Thumbs up to farm dinner season

Sue and Bob Eckenfels

Sue and Bob Eckenfels

Smooth your table napkin down and get ready: it’s farm dinner season. The lush outdoors does amazing things for appetite and it may be the closest you’ll come in Missouri to that leisurely, convivial way of eating better known in Europe. Sometimes the dinners are white cloth affairs, sometimes not. I was privileged to attend one in Ste Genevieve hosted by the Mississippi River Hills Association and joined folk gathered at Breezy Ridge Alpaca Farm for delicious foods fresh from local farmers. In fact, a lot of local farmers were there to eat chef-prepared local foods, as well as sip a delicious variety of Missouri wines. I tried a Chamboursin from Chaumette Winery that was wonderful with the beef from Eckenfels Farm nearby. The tables were laid with quilts and fresh flowers. Good people. Beautiful setting. Fresh tastes.

In fact, these are the reasons I went out into the area to begin with—research and common sense told me I’d find all three. I was doing interviews for Savor Missouri: River Hills Food and Wine (available April 17 from Missouri Life Inc., and Acclaim Publishing) and the trail took me through. Grass fed beef, Missouri wine, vegetables and greens and potatoes and a Missouri sunset mixed with people interested in sourcing foods for school lunch programs, city chefs looking for fresh products, locals interested in a great dinner, and the farmers that provided the foods. Savor Missouri indeed.

To find a farm dinner near you, check with your local Slow Foods group or farmer’s market, or search farm dinners in Missouri on-line and towns across the state pop up—Fayette, Weston, Smithville, Washington, Ste Genevieve and many more.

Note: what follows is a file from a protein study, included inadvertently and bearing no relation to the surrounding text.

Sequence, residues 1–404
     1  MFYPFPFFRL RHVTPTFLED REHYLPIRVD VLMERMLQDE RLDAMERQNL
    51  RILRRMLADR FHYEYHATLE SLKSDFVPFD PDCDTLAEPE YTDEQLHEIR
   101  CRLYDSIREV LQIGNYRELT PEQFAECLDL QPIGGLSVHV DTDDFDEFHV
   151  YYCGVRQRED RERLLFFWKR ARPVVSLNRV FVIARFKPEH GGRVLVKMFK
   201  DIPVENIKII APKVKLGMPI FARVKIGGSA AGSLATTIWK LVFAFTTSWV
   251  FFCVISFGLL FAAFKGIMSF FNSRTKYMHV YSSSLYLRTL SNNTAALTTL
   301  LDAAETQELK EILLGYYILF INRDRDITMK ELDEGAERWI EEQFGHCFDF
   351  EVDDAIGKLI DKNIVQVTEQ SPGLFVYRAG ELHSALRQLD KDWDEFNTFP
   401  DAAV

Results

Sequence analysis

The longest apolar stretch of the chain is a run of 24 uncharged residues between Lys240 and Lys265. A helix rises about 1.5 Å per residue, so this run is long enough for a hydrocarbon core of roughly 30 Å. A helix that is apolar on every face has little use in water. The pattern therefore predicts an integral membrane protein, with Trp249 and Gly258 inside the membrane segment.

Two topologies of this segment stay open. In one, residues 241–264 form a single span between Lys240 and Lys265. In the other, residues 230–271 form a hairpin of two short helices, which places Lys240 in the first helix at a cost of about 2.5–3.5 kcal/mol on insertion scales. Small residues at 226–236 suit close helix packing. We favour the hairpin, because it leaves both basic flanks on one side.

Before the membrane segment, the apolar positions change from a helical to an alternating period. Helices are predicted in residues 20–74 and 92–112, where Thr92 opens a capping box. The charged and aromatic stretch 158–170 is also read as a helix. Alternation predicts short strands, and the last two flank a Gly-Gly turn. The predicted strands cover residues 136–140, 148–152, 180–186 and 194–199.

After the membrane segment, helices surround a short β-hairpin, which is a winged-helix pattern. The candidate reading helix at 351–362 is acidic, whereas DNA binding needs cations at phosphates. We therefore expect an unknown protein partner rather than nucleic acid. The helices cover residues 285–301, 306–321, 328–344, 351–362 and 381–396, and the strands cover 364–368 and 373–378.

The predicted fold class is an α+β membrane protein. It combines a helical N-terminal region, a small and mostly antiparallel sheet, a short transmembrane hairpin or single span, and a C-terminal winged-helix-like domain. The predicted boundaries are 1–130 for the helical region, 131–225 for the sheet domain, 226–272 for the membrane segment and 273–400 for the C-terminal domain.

About ninafurstenau

Nina Mukerjee Furstenau teaches a Food and Wine Writing for the University of Missouri Science and Agriculture Journalism program and the MU School of Journalism School. Her book, Biting Through the Skin: An Indian Kitchen in America's Heartland was the winner of the MFK Fisher Book Award and Grand Prize Award for culinary/culture writing and designated as a Kansas Notable Book. She has also written Savor Missouri: River Hill Country Food and Wine, celebrating Missouri foodways. Her essay, "And Then There Was Rum Cake," appears in the 2017 anthology, Pie & Whiskey: Writer's Under the Influence of Butter and Booze. Ms. Furstenau was in the Peace Corps in Tunisia from 1984 to 1986 and then began working life as a journalist and publisher/editor of three construction magazines beginning in 1987. Ms. Furstenau and her husband launched and published these magazines and two others until 2001. She was a month-long resident at the Vermont Studio Center in Johnson, Vermont, in 2008.
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